At 27 years old, Iqbal Badruddin is slightly older than other climate activists on the list. But the founder of Fridays for Future in Pakistan, who quit his conservation job to focus entirely on the movement, suggests that social conditions in the country required a slightly different approach to the climate strike.
“If we had asked schoolchildren to go on strike, the movement would be dead, parents and the government would be against it,” Badruddin told the website Bento, explaining that Fridays for Future was taking hold in universities. “The education level in Pakistan is already very low, many people can not read and write, they have never heard of climate change, and they certainly do not know what to do about it. Our main job is to educate people.”
Badruddin — formerly a Senior Research Associate at WaterAid Pakistan, and a Young Professional Officer at Climate NGO LEAD Pakistan — adds that the new Government in Pakistan is fighting climate change, but has struggles of being a developing country. According to Germanwatch’s Global Climate Risk Index 2018, extreme heatwaves and depleting water supplies make Pakistan one of the 10 countries most affected by climate change. Yet the population is expected to increase by 50% by 2050, and if the country continues with ambitious development plans, USA Today predicts carbon emissions could increase by 300% over the next 15 years.
“We are happy that the Western countries are working for something that does not concern them as much as it concerns us. It motivates us a lot,” Badruddin adds to Bento. “Pakistan is one of the countries most affected by climate change.”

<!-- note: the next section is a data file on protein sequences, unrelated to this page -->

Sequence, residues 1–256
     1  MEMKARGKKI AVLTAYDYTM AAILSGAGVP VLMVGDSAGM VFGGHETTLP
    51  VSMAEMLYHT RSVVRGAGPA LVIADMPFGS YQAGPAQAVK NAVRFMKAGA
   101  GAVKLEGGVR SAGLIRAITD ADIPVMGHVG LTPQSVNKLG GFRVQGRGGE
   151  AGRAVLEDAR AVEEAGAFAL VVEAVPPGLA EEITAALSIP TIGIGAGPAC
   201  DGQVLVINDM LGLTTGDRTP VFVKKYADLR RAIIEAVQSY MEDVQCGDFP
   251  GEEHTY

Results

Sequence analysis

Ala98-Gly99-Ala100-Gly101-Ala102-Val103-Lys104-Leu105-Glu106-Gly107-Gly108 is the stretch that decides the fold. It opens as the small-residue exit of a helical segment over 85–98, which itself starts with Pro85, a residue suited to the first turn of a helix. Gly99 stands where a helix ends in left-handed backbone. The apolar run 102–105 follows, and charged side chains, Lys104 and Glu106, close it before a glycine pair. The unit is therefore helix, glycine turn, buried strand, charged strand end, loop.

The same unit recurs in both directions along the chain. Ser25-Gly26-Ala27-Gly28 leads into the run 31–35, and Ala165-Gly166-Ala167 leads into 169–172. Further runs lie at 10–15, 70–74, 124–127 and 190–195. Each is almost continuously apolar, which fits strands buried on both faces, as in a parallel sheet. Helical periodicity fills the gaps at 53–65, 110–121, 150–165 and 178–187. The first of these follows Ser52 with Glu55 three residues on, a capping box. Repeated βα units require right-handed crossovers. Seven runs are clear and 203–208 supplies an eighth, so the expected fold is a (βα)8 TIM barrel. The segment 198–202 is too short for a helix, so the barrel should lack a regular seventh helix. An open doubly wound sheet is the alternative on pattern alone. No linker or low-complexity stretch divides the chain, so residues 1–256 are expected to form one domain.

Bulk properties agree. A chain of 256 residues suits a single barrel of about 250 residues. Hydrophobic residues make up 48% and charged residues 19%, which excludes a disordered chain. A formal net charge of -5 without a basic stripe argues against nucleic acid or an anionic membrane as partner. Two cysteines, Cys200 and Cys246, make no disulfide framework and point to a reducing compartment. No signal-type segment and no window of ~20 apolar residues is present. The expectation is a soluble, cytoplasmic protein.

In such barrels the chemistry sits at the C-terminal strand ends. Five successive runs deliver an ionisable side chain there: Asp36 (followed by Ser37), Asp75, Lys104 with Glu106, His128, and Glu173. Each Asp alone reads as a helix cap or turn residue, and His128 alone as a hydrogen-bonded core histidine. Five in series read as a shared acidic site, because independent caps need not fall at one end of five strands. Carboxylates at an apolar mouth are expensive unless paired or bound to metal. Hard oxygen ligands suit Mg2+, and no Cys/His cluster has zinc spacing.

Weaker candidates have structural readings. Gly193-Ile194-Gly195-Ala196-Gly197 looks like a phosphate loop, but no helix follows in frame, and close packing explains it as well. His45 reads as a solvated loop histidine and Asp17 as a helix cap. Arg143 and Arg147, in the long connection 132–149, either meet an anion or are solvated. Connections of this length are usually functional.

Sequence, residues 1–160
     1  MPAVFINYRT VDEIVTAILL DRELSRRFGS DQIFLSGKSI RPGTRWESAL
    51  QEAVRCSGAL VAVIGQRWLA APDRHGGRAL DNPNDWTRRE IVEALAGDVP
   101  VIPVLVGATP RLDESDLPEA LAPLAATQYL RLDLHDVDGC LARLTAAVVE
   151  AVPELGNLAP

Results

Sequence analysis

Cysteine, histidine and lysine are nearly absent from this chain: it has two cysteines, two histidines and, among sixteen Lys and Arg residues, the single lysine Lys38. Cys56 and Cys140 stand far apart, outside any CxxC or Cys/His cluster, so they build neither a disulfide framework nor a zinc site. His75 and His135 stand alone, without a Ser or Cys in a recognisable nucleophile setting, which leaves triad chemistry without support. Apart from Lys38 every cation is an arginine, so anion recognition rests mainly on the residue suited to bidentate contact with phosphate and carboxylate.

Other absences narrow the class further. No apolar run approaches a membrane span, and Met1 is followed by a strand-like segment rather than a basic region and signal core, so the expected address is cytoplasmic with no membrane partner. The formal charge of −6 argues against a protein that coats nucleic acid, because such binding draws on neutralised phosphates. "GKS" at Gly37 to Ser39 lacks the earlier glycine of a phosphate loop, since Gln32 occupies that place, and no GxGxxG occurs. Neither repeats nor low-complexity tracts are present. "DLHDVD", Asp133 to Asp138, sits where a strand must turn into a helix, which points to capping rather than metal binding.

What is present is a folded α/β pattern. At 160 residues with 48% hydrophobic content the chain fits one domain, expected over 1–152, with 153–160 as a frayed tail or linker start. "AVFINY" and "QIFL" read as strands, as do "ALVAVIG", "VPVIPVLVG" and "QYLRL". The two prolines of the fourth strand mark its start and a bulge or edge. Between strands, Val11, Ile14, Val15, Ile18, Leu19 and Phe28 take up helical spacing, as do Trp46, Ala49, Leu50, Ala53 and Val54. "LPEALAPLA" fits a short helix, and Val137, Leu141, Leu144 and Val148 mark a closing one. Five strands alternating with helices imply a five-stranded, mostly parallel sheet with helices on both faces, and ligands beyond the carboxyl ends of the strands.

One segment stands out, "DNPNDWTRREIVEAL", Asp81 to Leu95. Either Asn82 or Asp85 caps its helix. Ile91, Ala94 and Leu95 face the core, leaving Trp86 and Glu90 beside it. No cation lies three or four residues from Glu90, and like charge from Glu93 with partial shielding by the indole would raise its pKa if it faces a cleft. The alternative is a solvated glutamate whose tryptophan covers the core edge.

In a short appearance on Euronews English, posted on his Facebook page, Badruddin adds that some conservative thinkers in Pakistan argue against taking action to prevent rising sea levels and increasing temperatures — saying they must simply be the will of God.
In September 2019, during the Global Strike Day, climate marches were held in 34 cities in Pakistan — varying in size from a couple of hundred people to over 2,000 each in bigger cities like Lahore, Karachi and Islamabad. Badruddin had been central in mobilising students in over a dozen universities, and it was he who secured Government authorisation for the march.
“I was expecting hundreds…but thousands came to the march and I’m so excited at the response,” he told the Tribune. “Now we have to reach out to rural areas and make our movement bigger.” As part of the strikes, The Minister of State for Climate Change, Zartaj Gul, walked with participants and promised to take their demands to the Government.
Badruddin’s FridaysforFuture movement recently conducted a session during a ‘Hike for Climate’ event, teaching participants about the climate crisis and developing a global action plan to mitigate climate change.Tags: Activism, Climate crisis, Pakistan
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